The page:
the Nun's Priest's Tale

the Nun's Priest's Tale

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Storyboard Description

The animal story created by Chaucer to mock the human vanity and stupidity-especially in the church, where it should be the opposite.

Storyboard Text

  • Exposition
  • "And such a joy it was to hear them sing, As when the glorious sun began to spring..."(Chaucer 234).
  • Rising Action
  • "I dreamt...I saw a kind of beast, A sort of hound that tried or seemed at least To try and seize me... would have killed me dead" (Chaucer 234)!
  • Rising Action
  • "He told him ever detail, sighing sore...This dream, believe me, MAdam, turned out to be true..."(Chaucer 238).
  • There was once an old widow who lived in a tiny cottage near the woods. She lived with her 2 daughters and farm animals. The widow kept 7 hens and their master cock, Chanticleer. Chanticleer was a handsome bird with a beautiful crowing voice. Chanticleer's favorite wife, Lady Pertelote, was the loveliest hen. It was a joy to hear Chanticleer and Lady Pertelote sing together every dawn.
  • Climax
  • "This Chanticleer... began to sing... Sir Russel Fox leapt in to attack, Grabbing his gorge.. And off bore him to the woods..."(Chaucer 246).
  • One morning before dawn, Chanticleer had a nightmare. He dreamed that a large, russet colored dog with glowing eyes crept up behind him. Pertelote told Chanticleer that his bad dream was due to indigestion.
  • Falling Action
  • "Sure never such a cry or lamentation... O woeful hens, louder your shrieks and higher Than those of Roman matrons when the fire Consumed their husbands..."(Chaucer 246-247).
  • Chanticleer said that past examples show that dreams can carry great significance. Chanticleer then explained a recent story he read where two men were forced to lodge in separate places. One had a dream where his friend was calling for help and being murdered. The man dismissed his dream at first, but in the morning, the man found his dead friend's body exactly where his friend told him in the dream.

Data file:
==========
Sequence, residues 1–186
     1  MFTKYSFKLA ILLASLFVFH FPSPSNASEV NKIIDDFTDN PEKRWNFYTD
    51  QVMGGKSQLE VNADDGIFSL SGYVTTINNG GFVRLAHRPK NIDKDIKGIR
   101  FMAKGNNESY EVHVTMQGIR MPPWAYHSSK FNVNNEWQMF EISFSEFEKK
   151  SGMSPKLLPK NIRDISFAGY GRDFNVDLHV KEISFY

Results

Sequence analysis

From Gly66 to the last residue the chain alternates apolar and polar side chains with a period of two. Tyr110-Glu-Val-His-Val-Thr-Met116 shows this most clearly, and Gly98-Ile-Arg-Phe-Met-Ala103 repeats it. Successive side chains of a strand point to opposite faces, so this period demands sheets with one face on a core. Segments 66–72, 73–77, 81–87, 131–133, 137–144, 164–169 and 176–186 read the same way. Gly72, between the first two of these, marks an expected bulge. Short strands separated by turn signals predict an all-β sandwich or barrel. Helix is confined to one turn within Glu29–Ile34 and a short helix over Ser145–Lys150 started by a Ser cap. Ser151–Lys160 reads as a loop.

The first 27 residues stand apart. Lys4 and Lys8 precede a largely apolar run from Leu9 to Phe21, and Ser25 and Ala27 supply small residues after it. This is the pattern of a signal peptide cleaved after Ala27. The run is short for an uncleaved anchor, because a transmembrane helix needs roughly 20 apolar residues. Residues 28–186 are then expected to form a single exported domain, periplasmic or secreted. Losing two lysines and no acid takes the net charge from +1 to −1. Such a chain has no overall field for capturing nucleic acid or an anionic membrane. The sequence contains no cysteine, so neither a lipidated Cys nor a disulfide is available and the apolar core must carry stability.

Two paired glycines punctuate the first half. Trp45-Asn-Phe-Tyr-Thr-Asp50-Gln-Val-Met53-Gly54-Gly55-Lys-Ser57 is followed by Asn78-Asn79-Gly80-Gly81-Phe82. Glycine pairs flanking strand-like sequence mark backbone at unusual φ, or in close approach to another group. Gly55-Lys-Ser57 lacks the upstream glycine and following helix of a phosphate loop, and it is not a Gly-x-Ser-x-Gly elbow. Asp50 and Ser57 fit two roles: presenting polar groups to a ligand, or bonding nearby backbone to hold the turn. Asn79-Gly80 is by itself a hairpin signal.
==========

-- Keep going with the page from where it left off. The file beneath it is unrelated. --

• Resolution
  • "Never again, for all your flattering lies, You'll coax song to make me blink my eyes; and as for those who blink...God blot them from his everlasting Book" (Chaucer 248)!
  • One day while the hens were bathing in the dust, a fox crept up on Chanticleer and asked Chanticleer to sing. The flattered Chanticleer began to sing, and the fox grabbed Chanticleer by the neck and ran off towards the woods.
  • Pertelote saw what happened, and she and the other hens cackled loud enough to raise the dead. The old widow, the two daughters, the dogs, all the farm animals, and even the bees started chasing the fox.
  • Chanticleer cleverly told the fox to tell the others to leave so that the fox could enjoy his meal. The fox opened his mouth to speak, and Chanticleer flew high into the trees. The fox tried to coax Chanticleer to come back, but Chanticleer learned his lesson and sang to the power of dreams.
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